Response to Recent CARB Advisory

Truck Owners Respond to CARB’s Reprieve of Diesel Filter Requirement


By January 1, 2014, most heavy-duty trucks operating in the state will be required to have a diesel particulate filter (DPF). At the October 24, 2013 California Air Resources Board (“CARB”) meeting, members of the Alliance for California Business and others in the trucking industry told CARB that thousands of trucks have not yet complied and won’t be able to meet the deadline. The truck owners told CARB that the DPF is a technically flawed device that causes constant repair problems and resulting delays in shipments. It places truck drivers and the general public at risk of fires and other truck related accidents. The DPF is designed to reduce diesel particulate matter but it leaves a giant carbon footprint on the state when it malfunctions or damages trucks – which is often. Small businesses and agriculture are most immediately impacted, but the effect of the DPF requirement will be felt throughout the state, as businesses absorb the financial impact by raising prices or reducing service to rural areas.

None of this was news to trucking industry, but for the first time it appears that someone on the Board finally listened. On November 14, 2013, CARB announced that it would give some truck owners more time to comply with the Truck and Bus Regulation. Trucking owners or companies must show “good faith compliance,” by doing one of the following by January 1, 2014: (1) enter into an agreement to buy and install a DPF; (2) sign a purchase contract and order a replacement truck equipped with a DPF; or (3) show that they were approved or denied a loan or other financing for a retrofit DPF or replacement truck equipped with a DPF. Alternatively, the truck owner could register the truck as one that stays exclusively within a designated low NOx county or drives less than 5000 miles per year.

Alliance for California Business’s president, Bud Caldwell, agrees that these are all steps in the right direction, but the deferment of just one year and these limited exemptions are not going to fix this problem. “First of all, thousands of truck owners will still have to adopt the seriously flawed DPF technology in order to meet the original deadline because they do not fit within these exemptions. And, says Mr. Caldwell “it’s not the small number predicted by CARB. CARB’s statistics on the number of trucks that still need to be upgraded appear to be numbers pulled out of a hat, and do not consider the trucks coming into the state.”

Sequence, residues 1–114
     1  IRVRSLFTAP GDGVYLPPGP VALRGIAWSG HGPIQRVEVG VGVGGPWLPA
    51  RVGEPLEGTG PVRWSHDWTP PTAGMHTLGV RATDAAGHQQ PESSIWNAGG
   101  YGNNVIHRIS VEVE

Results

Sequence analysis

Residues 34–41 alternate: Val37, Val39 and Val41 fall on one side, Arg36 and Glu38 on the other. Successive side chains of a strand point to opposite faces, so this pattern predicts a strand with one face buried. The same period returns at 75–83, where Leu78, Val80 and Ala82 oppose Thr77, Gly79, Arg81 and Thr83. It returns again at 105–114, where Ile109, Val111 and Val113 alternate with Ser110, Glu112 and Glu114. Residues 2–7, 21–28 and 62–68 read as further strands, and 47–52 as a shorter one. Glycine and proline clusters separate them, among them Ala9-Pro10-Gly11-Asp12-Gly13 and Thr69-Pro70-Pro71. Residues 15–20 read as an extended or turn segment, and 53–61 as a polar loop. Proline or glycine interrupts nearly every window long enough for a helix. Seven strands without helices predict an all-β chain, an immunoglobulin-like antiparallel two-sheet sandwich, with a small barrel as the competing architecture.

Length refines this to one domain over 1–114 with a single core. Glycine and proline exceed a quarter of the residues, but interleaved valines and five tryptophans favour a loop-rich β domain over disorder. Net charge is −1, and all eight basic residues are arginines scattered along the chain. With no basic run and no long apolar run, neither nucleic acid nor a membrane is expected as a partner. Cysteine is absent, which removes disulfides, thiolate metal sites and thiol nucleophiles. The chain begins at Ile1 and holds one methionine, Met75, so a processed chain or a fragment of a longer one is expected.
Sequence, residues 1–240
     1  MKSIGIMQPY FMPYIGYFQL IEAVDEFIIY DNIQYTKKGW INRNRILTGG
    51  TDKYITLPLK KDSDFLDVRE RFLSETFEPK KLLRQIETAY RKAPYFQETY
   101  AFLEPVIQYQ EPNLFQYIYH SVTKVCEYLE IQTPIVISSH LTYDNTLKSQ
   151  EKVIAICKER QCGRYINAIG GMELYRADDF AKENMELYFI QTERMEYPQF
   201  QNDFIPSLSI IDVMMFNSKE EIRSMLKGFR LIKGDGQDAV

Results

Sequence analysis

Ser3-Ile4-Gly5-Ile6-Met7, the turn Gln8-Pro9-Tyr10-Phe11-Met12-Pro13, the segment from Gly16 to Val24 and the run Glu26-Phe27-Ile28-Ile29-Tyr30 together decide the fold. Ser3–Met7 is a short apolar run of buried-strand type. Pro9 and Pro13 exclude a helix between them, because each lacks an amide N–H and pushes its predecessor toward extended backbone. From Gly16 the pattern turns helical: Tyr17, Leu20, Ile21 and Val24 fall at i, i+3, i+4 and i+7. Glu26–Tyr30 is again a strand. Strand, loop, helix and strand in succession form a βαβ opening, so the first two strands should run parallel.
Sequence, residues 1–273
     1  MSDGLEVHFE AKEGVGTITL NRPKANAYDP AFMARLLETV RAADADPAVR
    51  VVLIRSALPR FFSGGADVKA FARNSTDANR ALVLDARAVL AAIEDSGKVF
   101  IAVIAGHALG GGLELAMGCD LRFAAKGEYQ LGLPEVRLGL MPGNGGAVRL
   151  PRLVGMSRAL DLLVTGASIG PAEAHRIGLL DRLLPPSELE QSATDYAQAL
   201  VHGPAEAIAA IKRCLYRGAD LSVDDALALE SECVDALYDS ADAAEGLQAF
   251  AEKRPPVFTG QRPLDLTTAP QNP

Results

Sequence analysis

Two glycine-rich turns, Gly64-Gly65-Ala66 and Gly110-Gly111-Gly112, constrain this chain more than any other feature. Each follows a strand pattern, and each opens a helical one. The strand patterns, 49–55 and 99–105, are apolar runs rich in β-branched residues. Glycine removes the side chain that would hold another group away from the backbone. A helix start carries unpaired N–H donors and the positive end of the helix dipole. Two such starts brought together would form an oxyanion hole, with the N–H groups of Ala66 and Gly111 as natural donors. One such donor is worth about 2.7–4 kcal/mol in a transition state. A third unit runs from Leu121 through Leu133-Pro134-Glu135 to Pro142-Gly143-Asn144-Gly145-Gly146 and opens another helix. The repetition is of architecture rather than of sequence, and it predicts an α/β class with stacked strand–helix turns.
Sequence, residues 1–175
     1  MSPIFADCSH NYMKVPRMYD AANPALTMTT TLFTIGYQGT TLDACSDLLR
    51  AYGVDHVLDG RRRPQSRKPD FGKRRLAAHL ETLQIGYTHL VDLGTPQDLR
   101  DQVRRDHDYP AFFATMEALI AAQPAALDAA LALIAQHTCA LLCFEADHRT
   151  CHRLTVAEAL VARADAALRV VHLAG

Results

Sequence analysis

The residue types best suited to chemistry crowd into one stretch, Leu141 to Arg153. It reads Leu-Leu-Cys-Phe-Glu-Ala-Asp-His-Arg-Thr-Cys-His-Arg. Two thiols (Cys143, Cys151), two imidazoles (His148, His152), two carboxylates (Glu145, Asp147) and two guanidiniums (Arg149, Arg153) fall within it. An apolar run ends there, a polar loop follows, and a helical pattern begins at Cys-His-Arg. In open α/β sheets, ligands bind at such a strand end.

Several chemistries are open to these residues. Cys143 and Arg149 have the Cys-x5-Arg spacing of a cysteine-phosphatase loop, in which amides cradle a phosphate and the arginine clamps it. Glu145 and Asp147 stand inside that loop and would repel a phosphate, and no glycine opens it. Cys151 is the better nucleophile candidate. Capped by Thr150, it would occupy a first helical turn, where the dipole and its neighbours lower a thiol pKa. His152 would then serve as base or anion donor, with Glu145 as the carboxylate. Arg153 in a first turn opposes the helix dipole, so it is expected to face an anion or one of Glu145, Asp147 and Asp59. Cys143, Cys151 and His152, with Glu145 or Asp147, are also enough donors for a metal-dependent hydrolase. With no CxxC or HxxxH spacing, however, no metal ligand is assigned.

Second, CARB’s regulatory objective remains steadfast: that all California trucks and those trucks that come into the state must be equipped with a DPF. Again, Mr. Caldwell: “The Alliance for California Business brought its lawsuit to require CARB to put an end to a program that by design will require truck owners fit their trucks with a dangerous and mechanically defective DPF device, and by doing so causes more harm to the environment than it cures. So, CARB’s newest advisory is just a first step. Now, CARB has to examine the real facts about the DPF and stop this regulatory debacle before it does still more harm to California’s environment and economy.”

4 Responses to “Response to Recent CARB Advisory”

  1. JOHN BRANNOCK | November 29, 2013 at 8:35 pm #

    I have a 2001 truck that I just rebuilt the engine in. I haul honey bees in and out of the state every year, usually 10-12 loads a year. this amounts to about 35% of my business. I am now looking for ways to replace this lost revenue, and my bee people are worried that the cost to find another carrier to ship bees will bankrupt them and the fact that not everybody can haul bees. I would go for an annual mileage cap, but not 5,000 miles. one load from the Oregon boarder and back will run around 750-800 miles. multiply that by 10 and you see that a cap of 5,000 miles would leave me short of hauling all the bees. I know that a lot of nut farmers are worried that they wont be able to get bees in to pollinate their crops. that would be a huge loss for the state tax roles.

    • Mike H | December 3, 2013 at 6:16 am #

      Dear John. They don’t care about state tax collection. I am single truck owner with my own interstate authority. I usually do truck repairs and maintenance in Los Angeles area. I did calculation and here is the result for last year.